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News Release

Using Technology to Manage Type 2 Diabetes Maximizes Time, Resources and Health Outcomes

BOSTON (October 15, 2018) – Harnessing the power of digital health technology --- smart phone apps, telemedicine and mobile health (m-health) --- can provide powerful tools to help people with diabetes self-management, ultimately improving A1c levels, reducing complications and lowering healthcare costs, suggests a recent systematic review of studies first published online September 27 in the journal Cell Metabolism.

Osama Hamdy, MD, PhD, FACE, Medical Director, Obesity Clinical Program and Director of Inpatient Diabetes Program at Joslin Diabetes Center, and Associate Professor of Medicine at Harvard Medical School


The Centers for Disease Control and Prevention estimate that about 30 million Americans have diabetes. And the vast majority of those are living with type 2. Additionally, about 84 million people in the U.S. have prediabetes.

Self-management is the key to successful health outcomes in diabetes, but that requires patients commit to significant behavioral and lifestyle changes that are difficult to accomplish alone, says review coauthor Osama Hamdy, MD, PhD, FACE, Medical Director of Obesity Clinical Program and Inpatient Diabetes Program at Joslin Diabetes Center. “Through technology, we can address the need to better engage people in their own diabetes care and start to reverse this growing epidemic.”

This review on digital health examined existing data from original research studies conducted within the last two decades to evaluate patient-driven diabetes care of the future in the era of technology. According to the report, tapping into technology can help people with diabetes overcome common challenges they face– inadequate time spent with doctors, lack of access to specialists and diabetes educators, and inadequate support for proper self-management, all of which contribute to poor diabetes control and the development of diabetes-related complications.

The review found that recent studies showed that telemedicine care is just as good as diabetes care received in-person, showing no differences in A1c levels, blood pressure or blood lipids between the two groups. In fact, some meta-analyses included in this review showed that patients participating in telemedicine programs had greater reductions in A1c levels on average compared to patients who received standard in-clinic care. 

When short visits are totally conducted remotely through electronic communication, multiple health professionals can easily be involved in diabetes care, visits can be scheduled more frequently and customized to each patient’s needs outside the limitations of location and time. The result is significant improvements in A1c levels because patients stay compliant with their regimens, says Dr. Hamdy.  “This review confirms the benefits of telemedicine diabetes care models --- they may ultimately produce similar or better health outcomes, be more cost-effective than in-person care models and scalable to reach patients in most remote areas.”

This review also identified promising effects that telemedicine has on specific complications, such as diabetic retinopathy.  It allows for tele-screening of vision at primary care sites. Images are sent remotely to an ophthalmologist for evaluation. Studies on tele-screening for diabetic retinopathy showed that rates of vision loss and blindness decreased significantly due to adherence to retinopathy screening.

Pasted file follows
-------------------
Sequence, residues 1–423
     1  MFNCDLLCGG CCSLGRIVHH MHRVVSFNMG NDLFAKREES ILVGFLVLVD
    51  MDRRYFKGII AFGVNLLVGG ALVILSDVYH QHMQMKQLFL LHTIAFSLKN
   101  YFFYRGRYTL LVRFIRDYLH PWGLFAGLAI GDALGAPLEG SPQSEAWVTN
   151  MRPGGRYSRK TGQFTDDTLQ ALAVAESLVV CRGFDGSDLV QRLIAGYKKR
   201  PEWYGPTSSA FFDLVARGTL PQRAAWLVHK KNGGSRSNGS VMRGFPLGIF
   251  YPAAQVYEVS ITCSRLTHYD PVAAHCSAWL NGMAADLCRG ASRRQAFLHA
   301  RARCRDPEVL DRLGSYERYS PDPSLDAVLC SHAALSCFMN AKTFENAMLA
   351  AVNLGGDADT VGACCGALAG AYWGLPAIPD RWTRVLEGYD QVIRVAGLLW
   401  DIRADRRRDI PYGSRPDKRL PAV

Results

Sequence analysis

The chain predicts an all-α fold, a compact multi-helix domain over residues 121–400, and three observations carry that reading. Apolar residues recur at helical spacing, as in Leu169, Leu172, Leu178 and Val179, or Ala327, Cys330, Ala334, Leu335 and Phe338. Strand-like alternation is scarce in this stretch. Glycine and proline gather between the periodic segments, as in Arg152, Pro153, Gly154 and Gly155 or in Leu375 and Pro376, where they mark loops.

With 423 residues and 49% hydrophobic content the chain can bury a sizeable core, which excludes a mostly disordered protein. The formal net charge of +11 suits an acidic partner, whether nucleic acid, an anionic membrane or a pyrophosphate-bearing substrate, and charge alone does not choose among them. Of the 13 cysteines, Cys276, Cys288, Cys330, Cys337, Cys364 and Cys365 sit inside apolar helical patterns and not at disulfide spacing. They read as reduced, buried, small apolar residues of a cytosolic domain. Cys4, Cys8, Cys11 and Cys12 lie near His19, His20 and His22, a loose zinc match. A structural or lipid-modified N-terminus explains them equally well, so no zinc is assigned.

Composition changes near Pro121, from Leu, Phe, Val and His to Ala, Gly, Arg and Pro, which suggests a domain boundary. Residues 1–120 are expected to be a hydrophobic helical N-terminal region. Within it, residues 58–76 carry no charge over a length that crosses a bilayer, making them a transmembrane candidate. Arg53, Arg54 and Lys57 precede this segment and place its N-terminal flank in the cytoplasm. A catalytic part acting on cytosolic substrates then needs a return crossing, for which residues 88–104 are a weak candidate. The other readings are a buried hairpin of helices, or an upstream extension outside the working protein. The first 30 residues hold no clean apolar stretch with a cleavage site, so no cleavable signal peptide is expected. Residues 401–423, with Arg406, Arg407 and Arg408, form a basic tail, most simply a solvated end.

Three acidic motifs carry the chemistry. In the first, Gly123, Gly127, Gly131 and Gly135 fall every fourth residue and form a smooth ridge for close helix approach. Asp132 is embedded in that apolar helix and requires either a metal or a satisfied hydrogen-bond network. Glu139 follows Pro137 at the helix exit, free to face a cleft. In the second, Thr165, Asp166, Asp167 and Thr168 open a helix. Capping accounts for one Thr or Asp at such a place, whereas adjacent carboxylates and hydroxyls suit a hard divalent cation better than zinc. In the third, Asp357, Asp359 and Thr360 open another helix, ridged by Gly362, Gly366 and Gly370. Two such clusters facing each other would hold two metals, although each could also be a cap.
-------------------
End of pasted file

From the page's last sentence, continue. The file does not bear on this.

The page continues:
“Over 50 percent of healthcare expenditures for patients with diabetes are due to the complications of diabetes,” says Dr. Hamdy. “Our paper should open the eyes of every health care organization that technology is at the door and it’s time to open that door to take advantage of innovative interventions that can significantly improve diabetes health outcomes and reduce healthcare costs.”

The review also found that the use of m-health in diabetes self-management is very beneficial—apps and text-based systems that deliver reminders to patients improve dietary and exercise practices, glucose testing, communication with healthcare teams and medication adherence rates. 

In one study, clinicians implemented a comprehensive, text-based diabetes education program. After six months, A1c levels were reduced by 0.7 percent.

In another study, a comprehensive smartphone application incorporating blood glucose readings, manual dietary tracking, exercise tracking by a fitness tracker, diabetes education, and communication with healthcare providers resulted in A1c reduction by 0.6 percent in just 12 weeks.

Telemedicine and m-health have shown great promise in making diabetes care, education and group support more convenient and accessible to patients,” says review coauthor Sahar Ashrafzadeh, AB, a researcher at Joslin Diabetes Center.  “And increased connectivity to diabetes care teams can allow for remote blood glucose monitoring and medication adjustments that are aligned with real-time patient progress.”

“In the future, what we would like to see is a “virtual diabetes clinic”, a diabetes healthcare ecosystem that connects hospitals, clinics, pharmacies, gyms, restaurants and diabetes educators,” says Dr. Hamdy. “We now have the technology to nicely close this gap and go beyond time and location.”

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